A French-Lebanese native, Lina Challita is a worldly and well-travelled woman who plays an active role in the Food Ladder program based at Katherine in the Northern Territory. Food Ladder aims to increase the consumption of fruit and vegetables in the local Indigenous community by providing an opportunity for residents to actively take part in the growing process. Lina spoke to Vegetables Australia about the community development projects currently being undertaken.

Fast facts

Name: Lina Challita
Location: Darwin, NT
Works: Food Ladder
Role: Hydroponics Manager

According to the 2008 report, Health and Welfare of Australia’s Aboriginal and Torres Strait Islander Peoples, 15 per cent of Indigenous people living in remote areas had no usual daily intake of vegetables, as compared to their non-remote Indigenous counterparts (two per cent).

Additionally, Burden of Disease and Injury in Aboriginal and Torres Strait Islander peoples 2003 attributed 3.5 per cent of the total burden of disease in the Aboriginal and Torres Strait Islander population to low fruit and vegetable consumption.

It is stark figures like these that have led to programs such as Food Ladder to be established. Food Ladder is a social enterprise for Indigenous communities around the Northern Territory. At the moment, the program is focusing on building greenhouses to provide fresh vegetables in those communities.

A fresh solution

Lina Challita is Food Ladder Hydroponics Manager, and her role involves helping with the construction of the greenhouses, managing the hydroponics system and providing greenhouse training to various community groups.

Lina explained the reasons behind the establishment of the greenhouses.

“Food Ladder has so far worked in East Arnhem, where most of the vegetables come from down south (for example, Adelaide) and they have to be transported all the way up to Darwin,” she said.

“From Darwin, they are sent to the remote communities and by the time the fresh produce gets there, it’s 2-3 days before it goes off. The quality is really bad, so we’re providing a solution to that.

“Through the greenhouses, we work on community development projects to train people on how to grow produce, where the produce comes from, how to manage the greenhouse and how to grow everything from start to finish.”

Community involvement

The program’s first aim is to grow fresh produce that is accessible to local communities. The second aim has a more nutritional approach – to get people more involved in where their food comes from, and encourage them to eat green vegetables.

“We’re also starting to get kids involved through the local schools,” Lina said.

“For example, our project in Katherine has students from Katherine High School come for regular field trips and they visit the greenhouse. They help harvest and plant seeds. I personally train them about how plants grow and what they need in order to produce good quality veg.”

"The greatest outcome is their enthusiasm. Those people who are working on the greenhouse as part of the community development project are encouraging other locals and their family members to come in, check it out and try the produce. We’re handing out small cooking recipes on how they can use the vegetables at home. Word is spreading, and people are curious."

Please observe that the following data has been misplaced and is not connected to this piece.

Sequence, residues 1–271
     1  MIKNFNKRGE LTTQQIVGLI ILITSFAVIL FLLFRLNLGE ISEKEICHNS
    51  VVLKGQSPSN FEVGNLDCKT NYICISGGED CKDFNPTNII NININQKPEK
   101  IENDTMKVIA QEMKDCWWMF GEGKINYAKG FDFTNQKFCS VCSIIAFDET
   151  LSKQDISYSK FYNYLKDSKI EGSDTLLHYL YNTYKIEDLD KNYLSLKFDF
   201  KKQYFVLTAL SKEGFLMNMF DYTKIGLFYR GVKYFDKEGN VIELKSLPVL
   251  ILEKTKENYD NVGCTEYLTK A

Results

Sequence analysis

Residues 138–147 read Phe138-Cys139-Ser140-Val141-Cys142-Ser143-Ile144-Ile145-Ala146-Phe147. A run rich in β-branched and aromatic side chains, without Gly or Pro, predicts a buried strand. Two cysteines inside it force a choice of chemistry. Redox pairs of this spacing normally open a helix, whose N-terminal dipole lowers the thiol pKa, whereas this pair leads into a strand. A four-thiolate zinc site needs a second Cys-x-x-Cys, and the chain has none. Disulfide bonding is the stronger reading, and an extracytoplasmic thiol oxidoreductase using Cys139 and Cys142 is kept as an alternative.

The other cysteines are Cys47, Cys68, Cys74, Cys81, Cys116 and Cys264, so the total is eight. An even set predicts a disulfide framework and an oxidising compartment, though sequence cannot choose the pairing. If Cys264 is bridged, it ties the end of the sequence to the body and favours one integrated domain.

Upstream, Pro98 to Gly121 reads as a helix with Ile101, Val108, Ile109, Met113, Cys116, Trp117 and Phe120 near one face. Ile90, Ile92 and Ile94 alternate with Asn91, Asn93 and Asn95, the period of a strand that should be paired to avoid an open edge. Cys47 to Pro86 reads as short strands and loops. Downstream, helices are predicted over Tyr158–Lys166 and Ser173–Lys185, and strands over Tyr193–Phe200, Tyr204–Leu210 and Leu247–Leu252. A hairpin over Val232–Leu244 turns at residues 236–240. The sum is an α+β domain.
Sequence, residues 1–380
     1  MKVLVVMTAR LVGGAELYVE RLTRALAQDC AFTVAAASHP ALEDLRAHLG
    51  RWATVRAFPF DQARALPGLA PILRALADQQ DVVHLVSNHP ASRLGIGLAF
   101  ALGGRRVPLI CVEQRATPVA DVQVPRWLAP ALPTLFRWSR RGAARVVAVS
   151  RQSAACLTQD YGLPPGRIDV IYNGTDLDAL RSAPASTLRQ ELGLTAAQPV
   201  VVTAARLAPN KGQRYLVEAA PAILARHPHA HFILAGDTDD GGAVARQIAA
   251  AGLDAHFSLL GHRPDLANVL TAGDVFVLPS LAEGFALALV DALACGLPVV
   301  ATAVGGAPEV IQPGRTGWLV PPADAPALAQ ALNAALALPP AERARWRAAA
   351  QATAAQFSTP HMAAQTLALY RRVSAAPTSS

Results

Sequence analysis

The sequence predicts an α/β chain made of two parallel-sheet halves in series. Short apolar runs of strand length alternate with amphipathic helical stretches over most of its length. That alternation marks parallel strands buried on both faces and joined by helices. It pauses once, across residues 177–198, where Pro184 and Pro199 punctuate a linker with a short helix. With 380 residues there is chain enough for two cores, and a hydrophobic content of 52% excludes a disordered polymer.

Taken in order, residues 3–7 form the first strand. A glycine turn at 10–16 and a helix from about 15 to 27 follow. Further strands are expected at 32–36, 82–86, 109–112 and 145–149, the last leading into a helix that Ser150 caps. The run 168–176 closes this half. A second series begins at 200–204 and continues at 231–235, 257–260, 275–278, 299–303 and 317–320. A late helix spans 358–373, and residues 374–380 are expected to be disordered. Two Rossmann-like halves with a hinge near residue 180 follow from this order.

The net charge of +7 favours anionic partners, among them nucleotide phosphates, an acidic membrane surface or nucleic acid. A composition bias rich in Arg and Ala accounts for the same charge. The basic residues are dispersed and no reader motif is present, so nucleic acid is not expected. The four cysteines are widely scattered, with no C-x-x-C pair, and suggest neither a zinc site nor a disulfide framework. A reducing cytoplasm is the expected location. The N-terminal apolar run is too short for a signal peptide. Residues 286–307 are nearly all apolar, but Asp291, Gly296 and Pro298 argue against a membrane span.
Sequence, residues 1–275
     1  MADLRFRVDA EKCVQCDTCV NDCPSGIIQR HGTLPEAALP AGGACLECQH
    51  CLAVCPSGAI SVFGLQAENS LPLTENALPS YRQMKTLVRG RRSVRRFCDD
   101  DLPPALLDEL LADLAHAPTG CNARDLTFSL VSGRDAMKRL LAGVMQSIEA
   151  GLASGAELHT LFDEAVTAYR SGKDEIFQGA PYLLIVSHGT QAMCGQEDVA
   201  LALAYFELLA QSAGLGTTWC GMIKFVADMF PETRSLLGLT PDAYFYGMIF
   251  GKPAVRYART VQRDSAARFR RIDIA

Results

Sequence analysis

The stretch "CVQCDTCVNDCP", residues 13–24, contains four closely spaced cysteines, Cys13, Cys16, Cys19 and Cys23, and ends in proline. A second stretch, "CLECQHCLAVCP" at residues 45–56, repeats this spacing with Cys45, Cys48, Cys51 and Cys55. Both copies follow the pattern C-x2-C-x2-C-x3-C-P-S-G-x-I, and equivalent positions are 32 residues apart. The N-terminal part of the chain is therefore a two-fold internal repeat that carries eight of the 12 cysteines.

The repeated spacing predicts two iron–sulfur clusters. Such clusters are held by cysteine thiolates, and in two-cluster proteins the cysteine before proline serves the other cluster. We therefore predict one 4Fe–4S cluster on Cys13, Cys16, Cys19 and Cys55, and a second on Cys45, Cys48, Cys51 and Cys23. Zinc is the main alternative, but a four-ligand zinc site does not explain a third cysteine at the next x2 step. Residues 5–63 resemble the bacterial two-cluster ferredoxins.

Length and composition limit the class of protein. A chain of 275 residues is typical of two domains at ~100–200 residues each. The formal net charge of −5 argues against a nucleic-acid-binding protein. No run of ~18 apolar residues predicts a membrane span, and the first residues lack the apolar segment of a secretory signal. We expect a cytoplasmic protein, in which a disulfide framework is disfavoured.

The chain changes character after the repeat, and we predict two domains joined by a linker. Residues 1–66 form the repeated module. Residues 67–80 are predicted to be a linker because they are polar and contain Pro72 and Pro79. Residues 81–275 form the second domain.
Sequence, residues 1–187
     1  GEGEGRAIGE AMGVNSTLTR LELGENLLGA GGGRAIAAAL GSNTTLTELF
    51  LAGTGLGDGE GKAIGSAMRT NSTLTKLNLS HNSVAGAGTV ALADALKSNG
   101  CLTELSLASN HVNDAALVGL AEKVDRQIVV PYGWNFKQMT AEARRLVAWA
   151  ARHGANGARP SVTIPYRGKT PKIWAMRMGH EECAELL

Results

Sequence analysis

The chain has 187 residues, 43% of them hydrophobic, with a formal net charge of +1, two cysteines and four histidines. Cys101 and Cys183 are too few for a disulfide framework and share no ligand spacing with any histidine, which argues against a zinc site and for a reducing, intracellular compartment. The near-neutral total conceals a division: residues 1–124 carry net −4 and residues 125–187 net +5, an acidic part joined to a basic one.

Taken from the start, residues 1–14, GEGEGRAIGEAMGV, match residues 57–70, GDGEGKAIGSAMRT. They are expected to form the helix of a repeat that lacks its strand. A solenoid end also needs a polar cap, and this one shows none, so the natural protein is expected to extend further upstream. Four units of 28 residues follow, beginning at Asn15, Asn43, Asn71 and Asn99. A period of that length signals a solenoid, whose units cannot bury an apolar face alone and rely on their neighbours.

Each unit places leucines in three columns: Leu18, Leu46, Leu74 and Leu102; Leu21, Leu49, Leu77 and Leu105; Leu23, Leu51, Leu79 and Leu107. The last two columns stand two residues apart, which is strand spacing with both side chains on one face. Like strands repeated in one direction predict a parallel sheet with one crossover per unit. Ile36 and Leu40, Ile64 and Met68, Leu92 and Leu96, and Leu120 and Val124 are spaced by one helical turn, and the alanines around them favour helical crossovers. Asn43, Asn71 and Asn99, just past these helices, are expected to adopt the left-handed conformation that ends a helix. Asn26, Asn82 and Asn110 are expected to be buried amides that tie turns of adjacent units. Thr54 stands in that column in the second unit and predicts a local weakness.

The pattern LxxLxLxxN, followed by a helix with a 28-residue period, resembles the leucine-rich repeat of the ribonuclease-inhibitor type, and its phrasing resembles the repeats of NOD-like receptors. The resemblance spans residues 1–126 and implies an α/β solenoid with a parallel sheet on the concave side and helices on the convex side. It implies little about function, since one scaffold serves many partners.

Empowering women

In addition to her projects with children in both Katherine and East Arnhem, Lina is working with the Katherine Indigenous Women’s Association on how to run the Food Ladder program.

“We’re helping the Katherine Indigenous Women’s Association to become a business. Personally what I’m doing is working on the greenhouse and training them to run it, as well as helping them with sales of the produce and how to manage the finance linked to the greenhouse – the much bigger picture,” Lina said.

“They are a wonderful group of ladies who are really motivated and it’s getting them to run it all by themselves as a business. Their vision for the project is to be that kind of educational centre or community farm for people to come in and learn about nutrition, learn about where food comes from and eventually buy the fresh produce.”

Lina loves working in remote communities, particularly in areas that typically require a permit for work purposes and therefore do not allow tourists to visit.

“It’s such an experience. I get to go to places where most people don’t have access to, be close to that culture and learn and connect with those people who don’t really get to meet a foreigner –that’s the most exciting part,” she said.

Future vision

Food Ladder’s aim for the Northern Territory project is to build more greenhouses to create fresh food sources in those areas and generate more community engagement in the process.

The program has already had a profound effect on these communities.

“They are very proud of what they’ve achieved. I was there throughout the whole first cropping season, working with a group of 10 men who are participating in the community development project,” Lina said.

“The greatest outcome is their enthusiasm. Those people who are working on the greenhouse as part of the community development project are encouraging other locals and their family members to come in, check it out and try the produce. We’re handing out small cooking recipes on how they can use the vegetables at home. Word is spreading, and people are curious.”

This profile first appeared in the leading magazine for the Australian potato industry, Vegetables Australia. If you’d like to subscribe to receive a new edition of Vegetables Australia in your mailbox every two months, use our online subscription form!

Photos provided by Lina Challita.